PsychTalks on Screen Time for Kids

PsychTalks is a podcast by the Melbourne School of Psychological Sciences at Melbourne University.

This week we will take a look at an episode from this podcast surrounding screen time for kids and the effect on attention.

https://podcasts.google.com/feed/aHR0cHM6Ly9vbW55LmZtL3Nob3dzL3BzeWNodGFsa3MvcGxheWxpc3RzL3BvZGNhc3QucnNz/episode/OGZlYTdjMDItNDI0Yi00ZTdiLWI4N2ItYjBjZjAwNTMwMzkz?sa=X&ved=0CAUQkfYCahcKEwio9bmbxqKGAxUAAAAAHQAAAAAQAQ

Attention is defined as focusing on one particular thing at a moment in time, and helps us stay alert and on task throughout the day.

In our very busy lives, parents may feel concerned or guilty about giving their child a screen to occupy them so that the parents can have some time away. However, recent research suggests that there is no need for this guilt.

Apps on phones and tablets are a great source of entertainment for many of us. But just with adults, it is the use of screens for extended periods of time and in excess that are a concern with children.

In moderation, children’s use of apps and games, especially those that involve creativity and strategy, can actually improve their sustained attention. Minecraft, in particular, was mentioned as a wonderful game for children to play.

However, passive consumption is not the same as active participation in a game or app. Children should not be consuming adult content and TV, which is not made in a way engaging for children’s brains. While children do need time to rest and relax as well, this should be done with media intended for children.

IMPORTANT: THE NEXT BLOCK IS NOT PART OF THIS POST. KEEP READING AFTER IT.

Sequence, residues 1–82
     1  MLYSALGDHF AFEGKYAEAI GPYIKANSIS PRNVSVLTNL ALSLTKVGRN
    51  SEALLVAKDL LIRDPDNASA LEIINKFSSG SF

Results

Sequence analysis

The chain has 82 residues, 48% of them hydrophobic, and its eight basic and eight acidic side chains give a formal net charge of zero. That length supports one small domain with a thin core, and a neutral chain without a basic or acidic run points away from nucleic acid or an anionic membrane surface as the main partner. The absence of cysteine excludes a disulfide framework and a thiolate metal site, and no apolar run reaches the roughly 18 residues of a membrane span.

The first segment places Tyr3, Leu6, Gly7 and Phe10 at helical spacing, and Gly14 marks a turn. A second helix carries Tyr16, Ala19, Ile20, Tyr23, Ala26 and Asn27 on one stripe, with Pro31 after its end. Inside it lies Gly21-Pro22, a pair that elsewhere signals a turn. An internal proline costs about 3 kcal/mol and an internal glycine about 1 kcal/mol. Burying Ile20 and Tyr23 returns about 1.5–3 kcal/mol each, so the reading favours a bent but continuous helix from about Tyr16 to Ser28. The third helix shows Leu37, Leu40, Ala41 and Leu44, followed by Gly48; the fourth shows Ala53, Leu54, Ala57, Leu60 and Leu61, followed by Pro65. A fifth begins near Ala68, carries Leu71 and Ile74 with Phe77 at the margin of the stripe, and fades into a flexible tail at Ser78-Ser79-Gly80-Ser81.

While recent studies have found that screens aren’t inherently bad for kids, the more time spent using tablets, the poorer their sleep quality. Poor sleep quality is then associated with poorer attention and performance in both school and day to day life.

Interestingly, this effect, which was found in children between the ages of 6 and 8, only affected sleep quality and not duration. By practicing good sleep hygiene, such as not using screens directly before bed, sleep quality can be improved.

This episode of PsychTalks also gave some tips to promote a positive experience with screen use in children. Importantly, parents should let kids choose the games that they want to play, as they should enjoy what they are doing. This doesn’t mean that parents shouldn’t regulate their children’s screen time however, as parents should retain a level of oversight and make sure games are not only fun, but have a level of creativity or strategy to them, though not necessarily overtly educational in content. Games can be used as a positive reinforcement for less desired tasks, such as a reward for doing homework. However, as young children have a bad sense of time regulation, games should be avoided in the mornings before school.

Of course, parents should remain aware of the dangers of children being online. It is important that parents are aware of who their children are talking to and what websites they are on.

As with all things, the most important thing is to ensure screens are used in moderation. A balance with time spent in nature has been shown to improve attention control.

We hope you have enjoyed this week’s post, and find PsychTalks as interesting as we do!

Wishing you a wonderful week,

TCS Team

Image credit: https://unsplash.com/@emily_wade

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